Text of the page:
PodiumWise | Tips for advanced presentation skills

In a March 28 post to his “Manner of Speaking” blog, John Zimmer does an excellent job of analyzing the video of a talk delivered by lawyer and author, Philip Howard.  Zimmer, a lawyer himself, dissects Howard’s message, showing step-by-step how Howard crafted a persuasive argument.

To Zimmer’s analysis, I would like to add an observation.  Howard’s talk is a good example of how a strong message can make up for shortcomings in delivery.  Howard’s delivery is not dynamic.  As Zimmer points out, he doesn’t move around despite a generous stage, and he seems overly dependent on his notes.  I would add that he could benefit from greater vocal animation.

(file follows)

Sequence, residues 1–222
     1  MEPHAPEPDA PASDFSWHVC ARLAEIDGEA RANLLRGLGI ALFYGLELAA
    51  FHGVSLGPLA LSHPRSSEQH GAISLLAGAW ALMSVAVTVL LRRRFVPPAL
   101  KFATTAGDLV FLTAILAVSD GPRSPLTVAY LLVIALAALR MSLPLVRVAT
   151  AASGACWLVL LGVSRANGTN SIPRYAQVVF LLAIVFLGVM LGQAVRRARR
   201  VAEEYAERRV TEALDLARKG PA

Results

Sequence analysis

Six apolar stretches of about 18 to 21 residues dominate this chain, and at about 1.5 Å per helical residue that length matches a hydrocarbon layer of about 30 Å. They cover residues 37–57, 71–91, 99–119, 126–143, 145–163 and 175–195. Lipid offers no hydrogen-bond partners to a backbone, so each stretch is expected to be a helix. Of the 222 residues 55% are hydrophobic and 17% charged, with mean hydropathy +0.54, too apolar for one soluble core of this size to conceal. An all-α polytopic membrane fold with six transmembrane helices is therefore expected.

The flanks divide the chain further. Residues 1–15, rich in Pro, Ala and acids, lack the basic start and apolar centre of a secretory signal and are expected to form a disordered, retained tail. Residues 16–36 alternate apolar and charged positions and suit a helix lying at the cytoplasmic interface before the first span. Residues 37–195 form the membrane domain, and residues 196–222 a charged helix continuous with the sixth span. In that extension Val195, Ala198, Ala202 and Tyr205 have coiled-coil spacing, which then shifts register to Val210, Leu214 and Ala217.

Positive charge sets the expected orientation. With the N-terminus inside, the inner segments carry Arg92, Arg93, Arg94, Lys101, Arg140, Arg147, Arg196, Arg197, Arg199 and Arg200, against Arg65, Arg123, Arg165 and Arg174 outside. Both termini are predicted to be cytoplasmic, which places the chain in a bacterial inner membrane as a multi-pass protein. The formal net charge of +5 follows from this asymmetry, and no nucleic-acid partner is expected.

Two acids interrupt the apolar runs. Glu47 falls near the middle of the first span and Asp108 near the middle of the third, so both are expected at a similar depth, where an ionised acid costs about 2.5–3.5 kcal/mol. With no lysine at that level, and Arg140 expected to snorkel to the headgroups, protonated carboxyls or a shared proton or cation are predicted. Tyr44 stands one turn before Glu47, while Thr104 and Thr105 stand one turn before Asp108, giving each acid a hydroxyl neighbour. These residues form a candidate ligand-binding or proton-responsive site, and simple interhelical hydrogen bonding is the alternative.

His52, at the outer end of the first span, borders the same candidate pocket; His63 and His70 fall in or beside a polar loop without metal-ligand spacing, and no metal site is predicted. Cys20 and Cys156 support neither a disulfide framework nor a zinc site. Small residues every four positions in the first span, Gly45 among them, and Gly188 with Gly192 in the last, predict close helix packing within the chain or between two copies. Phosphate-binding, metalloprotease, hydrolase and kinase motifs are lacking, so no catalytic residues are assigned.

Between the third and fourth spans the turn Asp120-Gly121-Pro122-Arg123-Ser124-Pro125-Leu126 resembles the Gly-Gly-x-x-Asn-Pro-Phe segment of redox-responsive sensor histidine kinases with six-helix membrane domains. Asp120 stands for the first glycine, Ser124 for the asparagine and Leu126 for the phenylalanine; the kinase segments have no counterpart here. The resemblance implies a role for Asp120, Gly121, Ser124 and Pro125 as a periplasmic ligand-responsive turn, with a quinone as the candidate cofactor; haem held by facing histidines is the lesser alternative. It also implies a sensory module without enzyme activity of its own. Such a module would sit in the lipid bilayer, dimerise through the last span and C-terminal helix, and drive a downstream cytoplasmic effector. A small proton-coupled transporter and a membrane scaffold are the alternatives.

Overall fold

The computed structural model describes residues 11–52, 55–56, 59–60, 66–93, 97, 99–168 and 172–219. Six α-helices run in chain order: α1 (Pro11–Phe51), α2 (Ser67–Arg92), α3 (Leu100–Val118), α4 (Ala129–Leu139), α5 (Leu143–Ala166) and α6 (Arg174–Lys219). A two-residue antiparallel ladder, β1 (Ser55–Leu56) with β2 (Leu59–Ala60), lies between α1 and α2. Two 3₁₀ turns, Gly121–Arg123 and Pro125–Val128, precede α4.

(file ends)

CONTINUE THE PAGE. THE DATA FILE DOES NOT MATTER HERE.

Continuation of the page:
Yet, he receives a standing ovation that appears to surprise him.

It didn’t surprise me because his message was so strong.  It had what speaking guru William Safire would have called “high purpose.”  Also, together with well-crafted design, it delivered that rare value called revelation.  Legions of speakers promise it; few deliver.

I’m not suggesting delivery is unimportant.  Mr. Zimmer’s talk would have been even better with a polished delivery.  What I do want to emphasize, however, is what an exceptional message can accomplish.

Contrary to what many would say, strong delivery does not save a weak message.  But a strong message can compensate for less-than-dynamic delivery.

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